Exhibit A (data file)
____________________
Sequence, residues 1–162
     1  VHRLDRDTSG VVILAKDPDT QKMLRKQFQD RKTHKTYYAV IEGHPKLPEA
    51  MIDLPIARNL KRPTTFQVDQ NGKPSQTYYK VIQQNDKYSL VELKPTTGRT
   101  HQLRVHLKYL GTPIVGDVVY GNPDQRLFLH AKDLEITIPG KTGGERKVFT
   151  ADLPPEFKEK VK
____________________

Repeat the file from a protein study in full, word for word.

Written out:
Sequence, residues 1–162
     1  VHRLDRDTSG VVILAKDPDT QKMLRKQFQD RKTHKTYYAV IEGHPKLPEA
    51  MIDLPIARNL KRPTTFQVDQ NGKPSQTYYK VIQQNDKYSL VELKPTTGRT
   101  HQLRVHLKYL GTPIVGDVVY GNPDQRLFLH AKDLEITIPG KTGGERKVFT
   151  ADLPPEFKEK VK